At the completion of P3DP’s three-day PPP “Train-the-Trainers”, the 21 participants announced their plans to establish the Ukrainian Association of PPP Trainers and Consultants. Their goal is to ensure that future and current municipal and business leaders in Ukraine acquire knowledge and skills necessary to create and manage viable PPPs. Participants also shared how their experiences in introducing PPP courses. KMBS presented how PPP modules are now incorporated into each of their MBA programs.
On November 3-7, 2014 P3DP organized and conducted a “Training-of-Trainers” (ToT) workshop for university faculty members and trainers of institutions tasked with preparing future public servants or supporting current staff tasked with creating PPPs.
21 professional teachers and trainers from 13 institutions of higher learning and postgraduate education. Among them were: National Academy of Public Administration in Kyiv and its regional branches in Kharkiv, Odessa, Lviv and Dnipropetrovsk; Main State Service, Universities from Odessa, Kharkiv, Kyiv and Zaporizhia.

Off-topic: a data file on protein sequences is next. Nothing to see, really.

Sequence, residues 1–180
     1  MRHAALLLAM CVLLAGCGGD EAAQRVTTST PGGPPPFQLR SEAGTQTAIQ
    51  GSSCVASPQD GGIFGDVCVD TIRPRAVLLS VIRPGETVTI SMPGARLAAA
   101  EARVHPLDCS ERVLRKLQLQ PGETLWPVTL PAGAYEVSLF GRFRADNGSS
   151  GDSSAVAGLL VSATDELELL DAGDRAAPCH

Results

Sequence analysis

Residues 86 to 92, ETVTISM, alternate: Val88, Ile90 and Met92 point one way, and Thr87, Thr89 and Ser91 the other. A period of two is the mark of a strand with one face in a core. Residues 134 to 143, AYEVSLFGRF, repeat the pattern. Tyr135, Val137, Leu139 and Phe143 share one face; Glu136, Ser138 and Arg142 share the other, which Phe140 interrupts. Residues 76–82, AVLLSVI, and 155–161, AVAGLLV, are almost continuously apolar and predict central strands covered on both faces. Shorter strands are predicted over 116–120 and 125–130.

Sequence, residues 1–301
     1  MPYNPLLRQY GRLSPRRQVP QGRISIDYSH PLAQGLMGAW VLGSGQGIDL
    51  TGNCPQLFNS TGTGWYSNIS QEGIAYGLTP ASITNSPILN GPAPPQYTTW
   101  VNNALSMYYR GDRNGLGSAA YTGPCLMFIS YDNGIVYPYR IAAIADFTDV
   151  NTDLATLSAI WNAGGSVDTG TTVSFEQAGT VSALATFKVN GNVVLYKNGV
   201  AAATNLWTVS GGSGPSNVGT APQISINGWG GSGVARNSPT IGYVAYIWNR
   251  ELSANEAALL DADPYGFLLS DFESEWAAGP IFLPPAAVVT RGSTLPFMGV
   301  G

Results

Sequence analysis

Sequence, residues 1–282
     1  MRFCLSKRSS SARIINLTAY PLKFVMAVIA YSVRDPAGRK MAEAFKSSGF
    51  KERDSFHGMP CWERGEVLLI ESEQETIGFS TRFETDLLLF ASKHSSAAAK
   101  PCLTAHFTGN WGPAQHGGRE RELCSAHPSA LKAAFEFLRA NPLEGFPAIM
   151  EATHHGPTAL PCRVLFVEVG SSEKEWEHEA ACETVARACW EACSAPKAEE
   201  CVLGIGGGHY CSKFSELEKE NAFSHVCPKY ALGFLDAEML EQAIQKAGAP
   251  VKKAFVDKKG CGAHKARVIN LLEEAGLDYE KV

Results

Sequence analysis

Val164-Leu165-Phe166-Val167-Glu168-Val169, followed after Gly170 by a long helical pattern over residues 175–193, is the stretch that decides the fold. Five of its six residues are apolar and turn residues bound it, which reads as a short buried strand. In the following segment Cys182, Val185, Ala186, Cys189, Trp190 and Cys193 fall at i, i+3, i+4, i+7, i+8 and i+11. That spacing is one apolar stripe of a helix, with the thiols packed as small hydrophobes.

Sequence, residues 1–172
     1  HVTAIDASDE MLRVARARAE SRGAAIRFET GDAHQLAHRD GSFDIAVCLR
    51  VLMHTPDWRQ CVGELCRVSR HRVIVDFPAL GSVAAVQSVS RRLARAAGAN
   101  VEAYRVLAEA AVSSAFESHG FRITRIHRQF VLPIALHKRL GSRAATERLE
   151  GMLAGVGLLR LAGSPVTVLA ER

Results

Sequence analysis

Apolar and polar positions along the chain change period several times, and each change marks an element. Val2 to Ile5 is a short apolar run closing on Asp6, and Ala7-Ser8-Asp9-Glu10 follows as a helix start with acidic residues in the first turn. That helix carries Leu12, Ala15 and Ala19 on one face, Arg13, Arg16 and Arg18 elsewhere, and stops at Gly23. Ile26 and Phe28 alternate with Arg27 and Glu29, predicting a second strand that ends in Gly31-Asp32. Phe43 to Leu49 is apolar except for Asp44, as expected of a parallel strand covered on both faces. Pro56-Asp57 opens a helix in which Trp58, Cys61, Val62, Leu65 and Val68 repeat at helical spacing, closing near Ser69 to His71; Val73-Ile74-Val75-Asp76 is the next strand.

Throughout the P3DP program period, government and municipal leaders have been given the opportunity to gain PPP knowledge and skills. Practical workshops, seminars and other training events have introduced general PPP concepts, international practices, as well as tools for analyzing the technical, financial and environmental feasibility of proposed PPPs. In addition to the training materials, the process of developing the PPP pilot projects has generated practical information on how to create PPPs in the sectors of waste management, alternative fuels in district heating, healthcare, sports and recreation, and city park management. To share this experience, P3DP has developed a series of case studies based on this experience.